Over the years, the field of sport psychology has focused on assisting athletes, placing them in the spotlight. While the coach can be involved in the overall process, the primary goal has always been to improve the performance of the athlete. One of the untapped/underutilized resources of sport psychology continues to be how the field can play a vital role in coaching development since coaches can also undergo many of the same tribulations as an athlete. At times coaches may experience higher levels of stress and anxiety than their athletes due not only to the high demands and expectations of the job, but also to the fact that despite the amount of preparation they have provided, their athlete’s performance is ultimately out of their control in that moment.
As a coach you can only GAIN by seeking support from a sport psychologist or sport psychology consultant. However, if you are unsure of how one can help here are some ways:
If you look back on any sport-related movies, you may come across a scene where the coach ‘loses it’ and lashes out by throwing an object or overthrow a table, usually out of frustration that the team or player is not doing what they are capable of. Although this may not be your modus operandi there are times where you may feel like you’re going to ‘lose it’ and the message you want to relay may not be received or communicated properly. We are human and yes, we do get upset! However, in times like these knowing your role is vital (i.e. what do I want to provide as a coach.) If we want athletes to perform, what amounts to throwing a tantrum is not the way. Yes, it may work once or twice but it is also important to ask yourself “is this how I need to behave to get my athletes to perform” and if so, is this a behavior you are willing to engage in frequently?
In working with a consultant coaches can learn to gain control of this behavior and provide more constructive feedback. Coaches can also learn their triggers and work towards developing techniques to help them remain unruffled. Furthermore, consultants can also help you manage your day to day stressors which have the ability to influence the manner in which you conduct training sessions with your athlete/s.
Communication is essential. We have all heard this saying, but how many of us can consider ourselves expert communicators? Is there that one athlete who just does not understand the task despite how much you try to explain it? Chances are your mode of communication may not suit this athlete and as such, limits their understanding. Working with a consultant can help you understand the various methods to communicate and in turn increase your ability to get your message across. Similarly, in non-technical settings communicating with your athlete/s is important as it fosters coach-athlete relationships. Working with a consultant can aid in developing areas such as interpersonal skills which can only add to your coaching portfolio.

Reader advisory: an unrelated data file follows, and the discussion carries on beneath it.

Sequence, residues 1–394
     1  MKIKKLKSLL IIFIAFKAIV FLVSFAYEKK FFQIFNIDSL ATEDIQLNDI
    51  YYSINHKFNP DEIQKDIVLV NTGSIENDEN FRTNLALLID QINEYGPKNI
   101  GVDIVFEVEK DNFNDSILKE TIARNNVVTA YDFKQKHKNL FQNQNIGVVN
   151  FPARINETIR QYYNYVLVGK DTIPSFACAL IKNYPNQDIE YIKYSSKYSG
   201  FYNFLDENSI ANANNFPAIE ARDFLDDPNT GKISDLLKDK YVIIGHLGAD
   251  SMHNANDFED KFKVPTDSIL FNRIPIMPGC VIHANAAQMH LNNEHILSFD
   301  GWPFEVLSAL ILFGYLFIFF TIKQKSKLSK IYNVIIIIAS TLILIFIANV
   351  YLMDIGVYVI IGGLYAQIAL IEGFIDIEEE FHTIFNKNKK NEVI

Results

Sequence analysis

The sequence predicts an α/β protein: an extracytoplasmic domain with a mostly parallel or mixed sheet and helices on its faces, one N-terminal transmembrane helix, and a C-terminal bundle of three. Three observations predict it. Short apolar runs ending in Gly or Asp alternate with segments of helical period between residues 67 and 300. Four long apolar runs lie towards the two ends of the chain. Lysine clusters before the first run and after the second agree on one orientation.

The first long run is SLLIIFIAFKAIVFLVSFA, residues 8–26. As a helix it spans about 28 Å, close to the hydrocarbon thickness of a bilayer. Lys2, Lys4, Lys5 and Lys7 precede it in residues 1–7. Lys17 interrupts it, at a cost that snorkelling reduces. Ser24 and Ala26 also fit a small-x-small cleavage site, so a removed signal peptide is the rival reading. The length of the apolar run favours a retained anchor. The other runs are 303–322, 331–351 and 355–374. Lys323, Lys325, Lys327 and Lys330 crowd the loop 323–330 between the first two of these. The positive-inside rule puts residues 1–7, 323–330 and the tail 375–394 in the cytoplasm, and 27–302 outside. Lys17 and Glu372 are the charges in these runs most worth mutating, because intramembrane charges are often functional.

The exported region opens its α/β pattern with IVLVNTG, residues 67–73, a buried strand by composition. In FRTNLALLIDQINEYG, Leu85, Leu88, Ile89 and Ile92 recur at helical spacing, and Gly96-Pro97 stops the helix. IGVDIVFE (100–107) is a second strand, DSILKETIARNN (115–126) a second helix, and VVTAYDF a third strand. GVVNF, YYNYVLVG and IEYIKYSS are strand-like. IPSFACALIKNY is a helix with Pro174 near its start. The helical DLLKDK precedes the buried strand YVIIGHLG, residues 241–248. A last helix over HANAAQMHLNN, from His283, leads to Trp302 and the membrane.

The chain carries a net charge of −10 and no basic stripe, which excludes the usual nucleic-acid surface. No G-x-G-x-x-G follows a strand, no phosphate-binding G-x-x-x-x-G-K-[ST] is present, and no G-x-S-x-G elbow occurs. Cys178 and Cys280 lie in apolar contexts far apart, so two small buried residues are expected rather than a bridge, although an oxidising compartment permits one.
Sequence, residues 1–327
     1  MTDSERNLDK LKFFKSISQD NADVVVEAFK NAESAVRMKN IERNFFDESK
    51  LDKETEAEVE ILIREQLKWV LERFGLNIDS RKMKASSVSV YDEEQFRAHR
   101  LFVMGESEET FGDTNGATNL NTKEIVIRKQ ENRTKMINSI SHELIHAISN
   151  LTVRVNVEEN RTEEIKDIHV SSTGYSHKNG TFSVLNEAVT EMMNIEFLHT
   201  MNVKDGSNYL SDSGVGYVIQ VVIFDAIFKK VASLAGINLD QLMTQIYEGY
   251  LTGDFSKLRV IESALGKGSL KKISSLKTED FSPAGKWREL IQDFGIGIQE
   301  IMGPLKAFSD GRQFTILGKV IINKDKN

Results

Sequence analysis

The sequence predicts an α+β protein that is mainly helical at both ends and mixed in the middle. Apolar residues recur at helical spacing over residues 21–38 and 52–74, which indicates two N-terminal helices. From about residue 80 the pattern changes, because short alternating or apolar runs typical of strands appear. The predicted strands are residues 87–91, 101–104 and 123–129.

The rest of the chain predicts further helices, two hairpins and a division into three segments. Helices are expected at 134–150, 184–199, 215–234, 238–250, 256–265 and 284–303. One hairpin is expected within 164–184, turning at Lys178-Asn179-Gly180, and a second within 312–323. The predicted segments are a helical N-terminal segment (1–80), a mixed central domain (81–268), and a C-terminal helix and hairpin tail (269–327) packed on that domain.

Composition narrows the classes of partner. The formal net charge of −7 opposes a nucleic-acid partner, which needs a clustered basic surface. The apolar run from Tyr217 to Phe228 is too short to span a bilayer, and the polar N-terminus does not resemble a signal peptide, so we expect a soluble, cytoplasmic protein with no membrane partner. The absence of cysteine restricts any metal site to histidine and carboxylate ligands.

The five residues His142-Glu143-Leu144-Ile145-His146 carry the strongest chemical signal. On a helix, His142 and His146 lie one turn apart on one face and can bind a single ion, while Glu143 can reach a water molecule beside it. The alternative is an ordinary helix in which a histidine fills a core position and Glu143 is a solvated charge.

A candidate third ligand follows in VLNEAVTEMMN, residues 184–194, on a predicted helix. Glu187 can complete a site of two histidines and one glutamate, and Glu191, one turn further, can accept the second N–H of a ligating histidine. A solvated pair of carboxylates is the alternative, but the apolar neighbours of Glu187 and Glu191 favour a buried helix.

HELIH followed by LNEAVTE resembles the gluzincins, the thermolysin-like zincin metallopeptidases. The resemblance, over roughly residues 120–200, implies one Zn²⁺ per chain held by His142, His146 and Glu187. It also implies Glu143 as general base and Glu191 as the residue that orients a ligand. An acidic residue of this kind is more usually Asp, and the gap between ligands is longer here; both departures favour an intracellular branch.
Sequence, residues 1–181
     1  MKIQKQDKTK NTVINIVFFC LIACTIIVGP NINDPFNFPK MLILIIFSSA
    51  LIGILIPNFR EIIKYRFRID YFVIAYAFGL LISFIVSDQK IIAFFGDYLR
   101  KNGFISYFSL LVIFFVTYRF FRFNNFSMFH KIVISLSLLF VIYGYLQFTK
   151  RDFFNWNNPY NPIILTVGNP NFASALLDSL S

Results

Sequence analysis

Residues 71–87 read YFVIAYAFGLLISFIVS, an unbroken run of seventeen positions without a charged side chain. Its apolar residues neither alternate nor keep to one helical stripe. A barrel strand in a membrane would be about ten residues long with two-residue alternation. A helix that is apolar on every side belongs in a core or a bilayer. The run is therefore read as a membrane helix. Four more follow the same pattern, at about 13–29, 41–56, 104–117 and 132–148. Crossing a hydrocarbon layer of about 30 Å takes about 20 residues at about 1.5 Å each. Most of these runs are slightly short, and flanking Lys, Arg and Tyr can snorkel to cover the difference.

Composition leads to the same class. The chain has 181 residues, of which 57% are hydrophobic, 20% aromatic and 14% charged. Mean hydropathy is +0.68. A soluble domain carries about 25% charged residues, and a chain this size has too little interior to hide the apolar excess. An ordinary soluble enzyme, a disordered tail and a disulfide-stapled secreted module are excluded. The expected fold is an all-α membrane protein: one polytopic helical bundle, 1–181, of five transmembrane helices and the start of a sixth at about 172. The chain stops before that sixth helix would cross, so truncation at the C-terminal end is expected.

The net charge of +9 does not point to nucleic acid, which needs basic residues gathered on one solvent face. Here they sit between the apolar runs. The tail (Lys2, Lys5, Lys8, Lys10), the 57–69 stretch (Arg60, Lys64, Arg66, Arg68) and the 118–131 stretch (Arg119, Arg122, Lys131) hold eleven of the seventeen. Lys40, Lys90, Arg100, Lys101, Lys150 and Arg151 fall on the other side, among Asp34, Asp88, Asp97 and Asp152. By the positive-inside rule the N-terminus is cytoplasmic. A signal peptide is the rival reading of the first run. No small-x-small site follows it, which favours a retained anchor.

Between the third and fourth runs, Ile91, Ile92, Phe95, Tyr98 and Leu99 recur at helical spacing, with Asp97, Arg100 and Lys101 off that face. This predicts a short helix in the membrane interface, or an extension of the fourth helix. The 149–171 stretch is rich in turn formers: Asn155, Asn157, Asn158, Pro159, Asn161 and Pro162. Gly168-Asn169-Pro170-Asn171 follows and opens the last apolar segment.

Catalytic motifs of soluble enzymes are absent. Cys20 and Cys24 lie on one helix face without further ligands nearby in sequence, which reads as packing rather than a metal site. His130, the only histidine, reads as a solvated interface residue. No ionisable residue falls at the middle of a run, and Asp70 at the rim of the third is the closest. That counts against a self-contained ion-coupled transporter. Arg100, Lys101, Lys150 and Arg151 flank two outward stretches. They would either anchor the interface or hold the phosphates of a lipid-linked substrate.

Coaching is a tough job. At times the frustration levels may rise to the point where you question if the job is the right fit for you. This thought process may not happen often; however, the reality is that coaches encounter many obstacles that hinder their effectiveness whether it may be an athlete’s attitude, team finances, technical staff or lack of support… the list can go on. Undoubtedly motivation levels can and will fluctuate but working with a consultant can help you navigate these obstacles, so your feelings will not affect your main role, which is to coach. I say this because often our internal feelings and emotions often seep through into our everyday activities and although you may think ‘I’m handling this’, the behaviors that we show don’t always reflect that. Furthermore, developing a greater understanding of your motivation can also translate to assisting your athletes and their motivation, making it a win-win situation for everyone involved.
In the sporting world the coach is revered as the one stop shop for athletes needs however it is important to recognize that the coach will at times need support. This form of support not only exists with directly assisting with the team or athlete but also to acknowledge that the coach needs to have a safe place where he/she can off-load, let their guard down and seek assistance with personal grievances and development.